"Audiophile audition" published a review on the Shostakovich / Shchedrin CD and gave 5 stars to the CD reviewSHOSTAKOVICH: Piano Concertos Nos. 1 and 2; RODION SHCHEDRIN: Piano Con. No. 5 – Denis Matsuev, p./ Mariinsky Orchestra/ Valery Gergiev – Mariinsky
A great match up for two disparate composers, with superb performances.
SHOSTAKOVICH: Piano Concertos Nos. 1 and 2; RODION SHCHEDRIN: Piano Concerto No. 5 – Denis Matsuev, piano/ Timur Martynov, trumpet/ Mariinsky Orchestra/ Valery Gergiev – Mariinsky multichannel SACD 0509, 73:32.
This is only my second encounter with the formidable pianism of Denis Matsuev—the first being a wondrous Carnegie Hall recital on RCA. His manner is thunderous in the best and biggest Bolet mold, while espousing a softer side reminiscent of Horowitz at his most poetic. In the Shostakovich concertos there’s not much chance for either of these, which makes examination of yet a third side of the artist even more fascinating. Neither of these concertos makes or breaks any pianist—the music is simply not up to the task of illuminating those aspects of pristine pianism that we so often expect to hear when listening to other types of music. This is not to say that Shostakovich fails to enchant or to move—far from it, as his slow movements especially are quite surprisingly sentimental, even if we feel he is pulling the wool over our eyes—but his piano music is first and foremost at the service of his own peculiar compositional ideals, and his goals end there.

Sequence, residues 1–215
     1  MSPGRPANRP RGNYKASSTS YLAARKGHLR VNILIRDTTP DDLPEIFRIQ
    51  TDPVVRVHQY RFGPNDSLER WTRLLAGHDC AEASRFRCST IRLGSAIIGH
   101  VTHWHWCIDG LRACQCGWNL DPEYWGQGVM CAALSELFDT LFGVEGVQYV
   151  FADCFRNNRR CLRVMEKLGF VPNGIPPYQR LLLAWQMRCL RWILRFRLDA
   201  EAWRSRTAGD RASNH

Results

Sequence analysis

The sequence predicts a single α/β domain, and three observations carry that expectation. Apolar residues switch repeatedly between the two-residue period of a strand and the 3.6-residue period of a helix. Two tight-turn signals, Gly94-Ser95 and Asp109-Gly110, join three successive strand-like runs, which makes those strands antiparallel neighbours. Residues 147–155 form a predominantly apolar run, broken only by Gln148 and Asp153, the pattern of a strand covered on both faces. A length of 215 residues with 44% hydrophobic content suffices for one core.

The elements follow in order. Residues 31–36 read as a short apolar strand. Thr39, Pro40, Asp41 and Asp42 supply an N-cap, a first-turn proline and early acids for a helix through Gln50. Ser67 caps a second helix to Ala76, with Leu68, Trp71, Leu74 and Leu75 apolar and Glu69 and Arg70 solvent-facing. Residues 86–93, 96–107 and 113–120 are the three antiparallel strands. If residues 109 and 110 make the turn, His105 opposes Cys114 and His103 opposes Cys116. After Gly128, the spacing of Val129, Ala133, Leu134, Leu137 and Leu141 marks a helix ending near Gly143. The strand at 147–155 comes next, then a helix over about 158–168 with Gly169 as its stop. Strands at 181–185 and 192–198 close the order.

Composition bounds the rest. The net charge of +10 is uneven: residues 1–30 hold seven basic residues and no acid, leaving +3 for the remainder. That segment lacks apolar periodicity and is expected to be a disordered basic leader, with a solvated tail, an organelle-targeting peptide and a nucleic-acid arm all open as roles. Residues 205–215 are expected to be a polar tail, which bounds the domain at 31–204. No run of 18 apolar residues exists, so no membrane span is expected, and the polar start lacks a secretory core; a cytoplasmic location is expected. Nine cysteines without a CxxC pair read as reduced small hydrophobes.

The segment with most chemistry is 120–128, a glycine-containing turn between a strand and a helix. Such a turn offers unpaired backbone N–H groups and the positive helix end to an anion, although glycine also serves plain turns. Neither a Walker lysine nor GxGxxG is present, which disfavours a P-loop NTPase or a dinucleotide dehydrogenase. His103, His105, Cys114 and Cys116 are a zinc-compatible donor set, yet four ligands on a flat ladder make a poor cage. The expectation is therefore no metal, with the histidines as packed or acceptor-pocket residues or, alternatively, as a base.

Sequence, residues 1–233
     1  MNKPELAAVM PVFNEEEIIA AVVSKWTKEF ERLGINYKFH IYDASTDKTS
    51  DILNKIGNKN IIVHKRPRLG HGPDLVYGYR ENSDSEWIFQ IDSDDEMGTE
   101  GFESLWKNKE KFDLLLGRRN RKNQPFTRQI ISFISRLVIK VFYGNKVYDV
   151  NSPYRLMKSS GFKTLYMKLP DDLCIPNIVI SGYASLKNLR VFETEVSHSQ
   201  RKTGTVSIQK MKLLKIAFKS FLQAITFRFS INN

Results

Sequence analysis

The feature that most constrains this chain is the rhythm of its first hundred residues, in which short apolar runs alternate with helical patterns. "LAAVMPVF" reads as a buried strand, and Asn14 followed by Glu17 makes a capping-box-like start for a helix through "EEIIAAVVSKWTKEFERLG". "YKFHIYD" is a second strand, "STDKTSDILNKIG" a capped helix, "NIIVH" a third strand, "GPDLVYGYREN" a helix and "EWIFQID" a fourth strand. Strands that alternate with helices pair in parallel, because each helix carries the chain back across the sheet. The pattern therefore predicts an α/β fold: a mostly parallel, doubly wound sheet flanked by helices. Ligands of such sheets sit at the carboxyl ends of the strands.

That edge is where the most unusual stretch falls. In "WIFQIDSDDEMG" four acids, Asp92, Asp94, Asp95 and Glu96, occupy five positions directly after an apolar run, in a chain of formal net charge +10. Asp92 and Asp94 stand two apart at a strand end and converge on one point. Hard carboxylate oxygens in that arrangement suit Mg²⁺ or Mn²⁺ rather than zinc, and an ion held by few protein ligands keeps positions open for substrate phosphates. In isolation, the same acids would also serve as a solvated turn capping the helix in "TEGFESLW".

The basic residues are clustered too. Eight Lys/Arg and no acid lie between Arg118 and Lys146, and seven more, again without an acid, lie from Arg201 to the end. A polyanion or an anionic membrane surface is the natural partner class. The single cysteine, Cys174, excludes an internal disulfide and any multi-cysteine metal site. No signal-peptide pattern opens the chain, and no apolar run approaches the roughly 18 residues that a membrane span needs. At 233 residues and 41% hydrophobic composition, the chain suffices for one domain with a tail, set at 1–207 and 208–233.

So in vain does one look for anything spectacular in this music from the piano player. Instead the focus is on how well he or she is able to blend the steely and somewhat subsidiary piano part into the whole. It’s a strange element at work here; taken alone the piano part has but partial attraction in relation to the whole, but the whole, piano and all, is quite the stunner, making both of these pieces, each tongue-in-cheek and wistfully happy–the happiness of one thinking about what it means to be happy instead of the real thing—concertos of the highest order far more deserving of frequent performance than even that which they currently enjoy. Matsuev does a creditable job, and if I prefer Bernstein in No. 2, it’s only because of his remarkable connection to and understanding of the composer.
Shchedrin’s concerto is quite the marvel also—brisk in places, subtly impressionistic, and almost Scriabinesque in its ability to seduce the senses with the very barest of means and musical material, it is a concerto with a much higher aim than simple virtuosity, though that element is certainly present. Here Matsuev gets more of a chance to show his stuff in a romantic capacity, and he hardly disappoints.
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